Busy Sunday afternoon for Lymington RNLI volunteers
Two shouts in quick succession provided a busy afternoon on Sunday 22 April for Lymington RNLI lifeboat volunteers.
The first call just after 1.30pm was to a 36ft power boat adrift without power off the Needles. Despite there being only a slight mist in the Lymington River, fog in the western Solent and Needles Channel reduced visibility to less than 100metres making for a slow passage and requiring full use of knowledge gained in the hours spent on radar training.
Arriving on the scene the volunteer crew of Lymington RNLI Atlantic 85 David Bradley found that the stricken vessel which had been on passage from Poole to Port Solent had been taken in tow by a tender from the UK Border Force Cutter Seeker which had been able to hold the casualty vessel off the Dolphin Bank by stemming the tide. Taking over the tow the lifeboat crew made a sweep around the back of the infamous Shingles Bank to bring the casualty vessel up the North Channel in better visibility.
Arriving off the entrance to the Lymington River the tow was shortened to alongside and the casualty vessel manoeuvered through the Sunday afternoon river traffic to a berth on the Harbour Commissioners Dan Bran pontoon.
With the casualty vessel secured and the cradle repositioned at the top of the slipway ready for the lifeboat recovery the crew were tasked to a further immediate tasking.
Second call at 3.40pm was to a report direct to the station by a concerned relative of an overdue paddle boarder who had last been seen launching in the Keyhaven area, but who had not returned home. Following a consultation on local knowledge of wind and tidal status and the with the coastguard tasking formalised, good speed was made in clearing visibility back to Keyhaven in preparation for a shore line search.
Inquiries around the quayside revealed that his car was no longer in the car park and the supposition was that he had landed unseen and gone home. However further investigations revealed that the concerned relative had driven the car home, unwittingly taking with it the paddle boarders mobile phone thus rendering him unable to call anyone on his return to shore. The lifeboat crew were then able to identify that a paddle boarder matching the persons description had been seen coming ashore, deflating his inflatable board and setting off walking in the direction of Lymington possibly along the seawall or the ancient highway.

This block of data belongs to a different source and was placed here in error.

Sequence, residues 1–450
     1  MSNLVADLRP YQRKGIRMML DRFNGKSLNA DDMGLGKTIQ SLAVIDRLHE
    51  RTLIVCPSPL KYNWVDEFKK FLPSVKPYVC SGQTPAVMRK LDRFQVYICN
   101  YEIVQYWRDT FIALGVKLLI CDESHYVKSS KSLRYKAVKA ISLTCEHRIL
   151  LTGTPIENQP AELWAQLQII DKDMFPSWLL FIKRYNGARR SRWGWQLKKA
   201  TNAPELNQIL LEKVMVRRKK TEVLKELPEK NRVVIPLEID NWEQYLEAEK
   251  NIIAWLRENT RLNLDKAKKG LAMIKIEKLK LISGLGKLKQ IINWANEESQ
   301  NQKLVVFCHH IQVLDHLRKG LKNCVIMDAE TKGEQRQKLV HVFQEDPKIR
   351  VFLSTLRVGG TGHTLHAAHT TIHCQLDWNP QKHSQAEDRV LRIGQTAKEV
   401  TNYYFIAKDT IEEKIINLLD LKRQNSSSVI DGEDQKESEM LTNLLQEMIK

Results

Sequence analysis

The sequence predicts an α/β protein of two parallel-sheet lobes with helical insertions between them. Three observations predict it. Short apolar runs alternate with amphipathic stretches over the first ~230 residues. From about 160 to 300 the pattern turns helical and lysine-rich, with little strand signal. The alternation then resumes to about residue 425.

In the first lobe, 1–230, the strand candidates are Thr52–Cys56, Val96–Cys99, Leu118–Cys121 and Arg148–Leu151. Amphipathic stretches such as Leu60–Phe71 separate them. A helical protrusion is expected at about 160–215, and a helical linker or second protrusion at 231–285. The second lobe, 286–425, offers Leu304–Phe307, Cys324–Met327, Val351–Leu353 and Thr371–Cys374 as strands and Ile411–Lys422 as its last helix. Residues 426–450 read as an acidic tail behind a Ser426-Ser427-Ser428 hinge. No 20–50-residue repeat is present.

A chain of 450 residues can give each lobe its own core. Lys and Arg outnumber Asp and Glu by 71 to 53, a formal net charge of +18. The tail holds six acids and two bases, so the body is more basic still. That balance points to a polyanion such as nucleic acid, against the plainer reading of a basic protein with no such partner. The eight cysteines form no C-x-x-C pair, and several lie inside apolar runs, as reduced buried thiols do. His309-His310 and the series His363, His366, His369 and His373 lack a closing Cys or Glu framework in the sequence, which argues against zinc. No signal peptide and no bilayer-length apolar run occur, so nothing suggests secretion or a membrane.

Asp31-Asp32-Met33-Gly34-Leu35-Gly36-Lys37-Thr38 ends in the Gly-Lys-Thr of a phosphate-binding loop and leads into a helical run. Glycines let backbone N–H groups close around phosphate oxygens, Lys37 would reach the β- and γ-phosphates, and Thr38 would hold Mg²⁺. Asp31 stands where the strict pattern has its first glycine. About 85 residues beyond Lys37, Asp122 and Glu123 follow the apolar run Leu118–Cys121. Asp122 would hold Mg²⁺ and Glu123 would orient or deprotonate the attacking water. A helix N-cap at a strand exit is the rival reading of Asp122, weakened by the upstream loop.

Lymington CG mobile unit joined the search having made a hasty departure from their media engagement at the Beaulieu Boat Jumble approaching the seawall and ancient highway from both ends but with no success. Shortly afterwards the station received a call to confirm that the paddle boarder had arrived home and once coastguard confirmation of this was received, the search was stood down.
Lymington lifeboat returned to station shortly after 4.30pm to be readied for further service after a total of 3 hours at sea.
Helmsman’s quote: The requirement for this search could probably have been avoided if the paddle boarder had taken his mobile with him in a waterproof container, rather than leave it in his car and made arrangements with his shore contact for ‘safely ashore’ communications.
Lifeboat Press Officer note: We are of course happy to take a running call but concerned relatives should ring 999 and ask for the Coastguard, not ring a member of our crew who just happened to be at the station dealing with the first shout, however well that person is known.
Notice to Editors:
· For over 50 years, Lymington RNLI Lifeboat has provided search, rescue and lifesaving capability in the western Solent, Needles Channel and eastern sector of Christchurch Bay.
· Entries are now open through our website: www.lymingtonlifeboat.co.uk for our annual 10k and children’s fun run fundraiser being held this year on Sunday 15 May.
· The RNLI Lifeboat Station open days will be on: Saturday 11 and Sunday 12 August 2018 coinciding with the food festival being held on the adjacent Bath Road Park.
RNLI Media Contacts:
- Peter Mills, Lymington RNLI Volunteer Lifeboat Press Officer 07767 213583 email@example.com
- Paul Dunt, Regional Media Officer (South East) on 0207 6207426, 07785 296252 email: firstname.lastname@example.org
· For enquiries outside normal business hours, contact the RNLI duty press officer on 01202 336789 email: email@example.com
Key facts about the RNLI
The Royal National Lifeboat Institution is the charity that saves lives at sea. Our volunteers provide a 24-hour search and rescue service in the United Kingdom and Ireland from 238 lifeboat stations, including four along the River Thames and inland lifeboat stations at Loch Ness, Lough Derg, Enniskillen and Lough Ree. Additionally the RNLI has more than 1,000 lifeguards on over 240 beaches around the UK and operates a specialist flood rescue team, which can respond anywhere across the UK and Ireland when inland flooding puts lives at risk.
The RNLI relies on public donations and legacies to maintain its rescue service. As a charity it is separate from, but works alongside, government-controlled and funded coastguard services. Since the RNLI was founded in 1824 our lifeboat crews and lifeguards have saved at least 140,000 lives. Volunteers make up 95% of the charity, including 4,600 volunteer lifeboat crew members and 3,000 volunteer shore crew. Additionally, tens of thousands of other dedicated volunteers raise funds and awareness, give safety advice, and help in our museums, shops and offices.
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Members of the public may contact the RNLI on 0300 300 9990 or by email.
The RNLI is a charity registered in England and Wales (209603) and Scotland (SC037736). Charity number 20003326 in the Republic of Ireland